NEW YORK - Russia told a closed-door UN Security Council meeting on Friday that it opposed a 30-day extension of an investigation to determine who is behind chemical weapons attacks in Syria, diplomats said.
The council met a day after Russia vetoed a US-drafted resolution to renew for one year the mandate of the UN-led Joint Investigative Mechanism (JIM).
Japan on Thursday presented a draft resolution that would give the JIM a 30-day extension to allow for negotiations on a compromise to salvage the panel.
But Russia's Deputy Ambassador Vladimir Safronkov told the council that Moscow "will not accept the Japanese draft," said a diplomat attending the closed session.
The council was still meeting to decide on the way forward and whether the draft resolution would be put to a vote.
The Japanese proposal came after a Russian veto -- Moscow's 10th on Syria -- while a separate Russian draft resolution failed to garner enough votes for adoption.
"This is a way to avoid the death of the JIM, a way to give us time to think seriously about a lasting solution," French Ambassador Francois Delattre told reporters ahead the meeting.
The Russian measure would have also extended the JIM but also demanded a new investigation of the Khan Sheikhun attack.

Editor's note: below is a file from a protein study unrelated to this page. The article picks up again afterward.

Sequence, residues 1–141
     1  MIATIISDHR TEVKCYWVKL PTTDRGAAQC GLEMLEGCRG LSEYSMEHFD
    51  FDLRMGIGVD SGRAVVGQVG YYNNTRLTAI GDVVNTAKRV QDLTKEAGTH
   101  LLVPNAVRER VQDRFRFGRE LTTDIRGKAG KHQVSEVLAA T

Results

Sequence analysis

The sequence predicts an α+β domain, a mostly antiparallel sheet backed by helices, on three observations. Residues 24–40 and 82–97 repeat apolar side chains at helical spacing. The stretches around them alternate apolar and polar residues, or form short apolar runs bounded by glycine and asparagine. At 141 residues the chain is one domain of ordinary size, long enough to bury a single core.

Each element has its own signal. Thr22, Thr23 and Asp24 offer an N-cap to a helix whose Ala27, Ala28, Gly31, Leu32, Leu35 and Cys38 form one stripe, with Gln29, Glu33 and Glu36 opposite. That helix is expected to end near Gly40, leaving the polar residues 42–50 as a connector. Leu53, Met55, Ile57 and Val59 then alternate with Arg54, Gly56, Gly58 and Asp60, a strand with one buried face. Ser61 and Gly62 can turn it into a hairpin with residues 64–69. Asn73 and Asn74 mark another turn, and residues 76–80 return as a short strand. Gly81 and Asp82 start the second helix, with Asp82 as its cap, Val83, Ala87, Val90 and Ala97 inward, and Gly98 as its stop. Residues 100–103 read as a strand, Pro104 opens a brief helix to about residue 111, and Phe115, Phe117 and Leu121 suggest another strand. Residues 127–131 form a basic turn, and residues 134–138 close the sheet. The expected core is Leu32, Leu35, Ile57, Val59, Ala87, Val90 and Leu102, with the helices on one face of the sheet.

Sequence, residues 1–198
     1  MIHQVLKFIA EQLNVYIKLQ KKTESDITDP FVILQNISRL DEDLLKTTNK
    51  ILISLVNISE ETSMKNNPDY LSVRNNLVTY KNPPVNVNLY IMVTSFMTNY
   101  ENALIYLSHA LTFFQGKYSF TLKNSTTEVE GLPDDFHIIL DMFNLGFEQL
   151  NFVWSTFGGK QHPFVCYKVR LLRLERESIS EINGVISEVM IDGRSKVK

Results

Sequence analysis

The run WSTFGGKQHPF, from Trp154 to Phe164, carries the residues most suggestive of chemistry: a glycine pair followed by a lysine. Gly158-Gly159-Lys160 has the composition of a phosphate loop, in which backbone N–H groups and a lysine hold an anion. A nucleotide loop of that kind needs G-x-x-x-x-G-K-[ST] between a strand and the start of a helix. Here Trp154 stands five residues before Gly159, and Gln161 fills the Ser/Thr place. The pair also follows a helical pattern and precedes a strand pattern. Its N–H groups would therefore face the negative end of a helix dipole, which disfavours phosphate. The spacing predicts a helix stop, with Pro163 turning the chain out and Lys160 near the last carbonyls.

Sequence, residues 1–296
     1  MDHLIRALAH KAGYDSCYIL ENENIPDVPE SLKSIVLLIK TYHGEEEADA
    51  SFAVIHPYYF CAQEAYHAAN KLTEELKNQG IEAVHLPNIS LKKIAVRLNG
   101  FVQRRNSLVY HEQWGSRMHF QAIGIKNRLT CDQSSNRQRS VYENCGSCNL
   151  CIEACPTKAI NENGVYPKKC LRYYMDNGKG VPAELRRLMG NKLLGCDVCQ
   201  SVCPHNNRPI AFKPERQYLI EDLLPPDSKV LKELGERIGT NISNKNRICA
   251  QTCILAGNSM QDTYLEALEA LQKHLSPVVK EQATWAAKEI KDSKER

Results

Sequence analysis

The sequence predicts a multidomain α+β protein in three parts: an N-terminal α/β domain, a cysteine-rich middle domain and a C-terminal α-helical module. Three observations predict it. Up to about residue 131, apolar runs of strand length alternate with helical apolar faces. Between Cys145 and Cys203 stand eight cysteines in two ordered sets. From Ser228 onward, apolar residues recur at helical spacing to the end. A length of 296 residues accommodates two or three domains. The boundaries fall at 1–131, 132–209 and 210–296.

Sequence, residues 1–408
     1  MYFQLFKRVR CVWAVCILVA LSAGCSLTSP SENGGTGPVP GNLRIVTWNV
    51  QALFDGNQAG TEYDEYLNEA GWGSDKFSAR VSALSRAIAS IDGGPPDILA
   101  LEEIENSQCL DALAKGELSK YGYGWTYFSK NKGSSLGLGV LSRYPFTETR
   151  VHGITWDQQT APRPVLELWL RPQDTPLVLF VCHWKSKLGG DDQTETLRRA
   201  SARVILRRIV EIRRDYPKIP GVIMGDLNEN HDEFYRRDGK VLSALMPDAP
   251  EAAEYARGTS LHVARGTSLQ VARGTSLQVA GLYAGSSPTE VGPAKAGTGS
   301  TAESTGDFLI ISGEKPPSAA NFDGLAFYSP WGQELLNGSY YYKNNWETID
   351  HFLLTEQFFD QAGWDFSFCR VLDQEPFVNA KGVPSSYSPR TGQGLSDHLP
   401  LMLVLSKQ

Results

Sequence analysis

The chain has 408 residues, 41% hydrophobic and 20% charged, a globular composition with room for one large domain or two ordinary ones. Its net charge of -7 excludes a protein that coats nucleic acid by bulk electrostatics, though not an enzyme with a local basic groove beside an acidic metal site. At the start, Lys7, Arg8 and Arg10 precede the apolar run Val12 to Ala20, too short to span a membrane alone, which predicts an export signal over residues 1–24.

Russia has strongly criticized the JIM after its latest report blamed the Syrian air force for a sarin gas attack on the opposition-held village of Khan Sheikhun that left scores dead.
The attack on April 4 triggered global outrage as images of dying children were shown worldwide, prompting the United States to launch missile strikes on a Syrian air base a few days later.
Syria has denied using chemical weapons, with strong backing from its main ally Russia.
The Japanese draft resolution would renew the JIM mandate for 30 days and task UN Secretary-General Antonio Guterres with submitting to the council in 20 days "proposals for the structure and methodology" of the panel.
The joint UN-Organisation for the Prohibition of Chemical Weapons (OPCW) panel was set up by Russia and the United States in 2015 and unanimously endorsed by the council, which renewed its mandate last year.
The expert team is tasked with determining who is responsible for the use of chemical weapons in Syria.